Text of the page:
Utility Contractor Tulsa | Types of Excavation Equipment – Pt. 1
This content was written for GEI Utility Construction.
One of the biggest differentiators between what type of equipment that is used and underground utility construction by your utility contractor Tulsa will be the ground conditions in which they are used it. Soil conditions in the Tulsa metro area and beyond into Oklahoma and obviously extending into other regions will bring with them unique challenges due to the ground formations that are experienced. Gable’s Exc. Inc. or GEI Utility construction has nearly 40 years of experience in underground utility excavation, directional drilling, and aerial utility construction. This extensive longevity allows GEI Utility Construction to have an advantage on the competition due to its enormous amount of experience in the area. Especially in Tulsa the estimators and managers at GEI Utility Construction Kent typically tell you what type of soil conditions to expect based on nothing more than a address. This knowledge can prove to be extremely helpful saving both time and money in most instances due to a utility contractor Tulsa that is familiar with the ground conditions and knows what to expect going into a job. Unlike many utility contractor Tulsa that pop up here in there and are short-lived is familiar with conditions rather than bidding work and being surprised once the project begins. In this article we will talk about the different types of equipment used for specific ground conditions how they differ and how they operate.
The first type of equipment that we will discuss today is the exact same type of piece of heavy equipment that was purchased by my grandfather Roy Gable when he and his wife Ruth moved to Oklahoma to start a family business. The backhoe has always been the cornerstone of our excavation company and it was the first piece of heavy equipment purchased and still is the most used piece of machinery in our fleet. Utility Contractor Tulsa A Backhoe is a midsize piece of heavy equipment based on a tractor chassis. The tractor has a loader attached to the front for removing spoils or other material or loading out dump trucks or moving material around on a job site. On the back of the tractor there is the boom or excavator. This is a hydraulic powered arm that is used to dig beneath the surface of the ground. Well the loader on the front cannot dig well below ground level the excavator boom on the rear of the Backhoe is specialized for digging two deaths sometimes up to 12 to 15 feet depending on the size of the Backhoe. There are many ground conditions in the Tulsa metro area from lime stone to sandstone to send to Clay Flint rock Sandy loam etc. For the majority of ground conditions standard dirt teeth can be utilized for digging. When soil conditions allow for it, dirt teeth are always the safest option for Excavating. Dirt teeth for backhoes are typically flat teeth which are anywhere from 2 to 4 inches wide and have a fairly blunt tip. The reason these teeth are preferred even when ground conditions are soft enough to be dug with other teeth is due to the risk of cutting existing utilities while excavation is occurring. While rock teeth are sharp and pointed dirt teeth are flat and blunt. This allows them to slide over existing utilities that may not have been identified by the Utility Contractor Tulsa and avoid costly time delays and expenses. Rock teeth for backhoes typically have 1 to 2 teeth which are pointed and sharp. They are made to focus the pressure of the Backhoe into smaller areas especially when digging in Excavating in rock allowing for the rock to be broken by the force of the Backhoe applied in such a small area. In some cases rock is hard enough that it must be hammered. This is another way backhoes can be used to excavate in harder rock formations. A large jackhammer also known as a breaker is attached to the rear of the Backhoe and used to break the rock into smaller pieces that can then be excavated with a backhoe bucket attached instead of the breaker or a second piece of equipment working in tandem with The breaker attached to it Utility Contractor Tulsa.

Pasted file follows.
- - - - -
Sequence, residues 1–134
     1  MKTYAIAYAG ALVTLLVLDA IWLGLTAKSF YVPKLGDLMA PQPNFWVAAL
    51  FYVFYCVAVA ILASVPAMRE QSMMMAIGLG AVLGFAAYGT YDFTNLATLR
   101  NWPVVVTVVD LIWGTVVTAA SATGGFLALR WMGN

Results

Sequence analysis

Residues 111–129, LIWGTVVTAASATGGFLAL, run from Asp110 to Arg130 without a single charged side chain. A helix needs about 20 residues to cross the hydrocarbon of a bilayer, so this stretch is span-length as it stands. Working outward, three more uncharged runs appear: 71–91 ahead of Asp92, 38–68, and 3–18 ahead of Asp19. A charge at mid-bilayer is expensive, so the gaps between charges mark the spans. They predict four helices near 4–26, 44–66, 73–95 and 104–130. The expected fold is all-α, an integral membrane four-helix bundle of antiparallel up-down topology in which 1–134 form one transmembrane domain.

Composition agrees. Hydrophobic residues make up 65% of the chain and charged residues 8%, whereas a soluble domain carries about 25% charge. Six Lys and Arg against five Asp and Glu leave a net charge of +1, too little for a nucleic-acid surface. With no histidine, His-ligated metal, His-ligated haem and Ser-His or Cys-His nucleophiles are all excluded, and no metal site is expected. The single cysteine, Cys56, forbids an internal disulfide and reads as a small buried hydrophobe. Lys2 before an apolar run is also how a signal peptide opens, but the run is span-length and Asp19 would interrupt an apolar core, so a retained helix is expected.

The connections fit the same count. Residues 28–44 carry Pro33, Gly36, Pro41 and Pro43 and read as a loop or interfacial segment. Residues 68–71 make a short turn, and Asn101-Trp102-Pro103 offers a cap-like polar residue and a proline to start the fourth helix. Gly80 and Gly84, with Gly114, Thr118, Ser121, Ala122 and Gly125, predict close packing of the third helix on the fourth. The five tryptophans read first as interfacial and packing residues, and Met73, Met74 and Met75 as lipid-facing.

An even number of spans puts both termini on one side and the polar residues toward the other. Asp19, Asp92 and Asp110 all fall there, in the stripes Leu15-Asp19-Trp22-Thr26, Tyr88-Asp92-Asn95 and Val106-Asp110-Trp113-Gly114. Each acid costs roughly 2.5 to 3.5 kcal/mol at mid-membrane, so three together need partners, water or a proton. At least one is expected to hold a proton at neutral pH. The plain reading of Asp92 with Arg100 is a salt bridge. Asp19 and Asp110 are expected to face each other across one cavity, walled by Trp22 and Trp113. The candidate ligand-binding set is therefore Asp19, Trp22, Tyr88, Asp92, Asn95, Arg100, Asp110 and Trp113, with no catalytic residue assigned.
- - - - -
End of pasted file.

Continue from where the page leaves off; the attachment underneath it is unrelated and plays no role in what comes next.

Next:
The next piece of equipment we will discuss Utility Contractor Tulsa and how it’s tooling differs according to existing ground conditions is the trencher. utility construction has used trenchers nearly as long as we have used Bacchos. The trencher can come in all different shapes and sizes but the most common is a medium sized piece of heavy equipment similar in size and weight to the Backhoe. This is a midsize trencher. This size trencher functions optimally for the uses of our company however some companies prefer much smaller trenchers for doing irrigation and sprinkler work which typically does not need to be buried to depths of any greater than 18 inches to 2 feet at a maximum. The trencher is that GEI Utility Construction uses have a blade situated on the front of the machine which can be angled and tilted raised and lowered to speed the backfill process on the rear of the machine there is an attachment that looks much like a large chainsaw. And that is in effect exactly what it is. A chain is driven around a large stinger which takes the place of a chainsaw bar and the teeth attached to the chain engage the ground to cut the trench. Spoils are broken into small pieces and pulled up and out of the excavation is the trencher moves forward. As with the Backhoe, on the trencher the teeth make the difference when using the equipment in various ground conditions. Chains can be updated with dirt teeth which have larger cups on them And are able to move more quickly through soft ground conditions. Rock teeth can be attached which have a much sharper and pointed edge for cutting into harder services.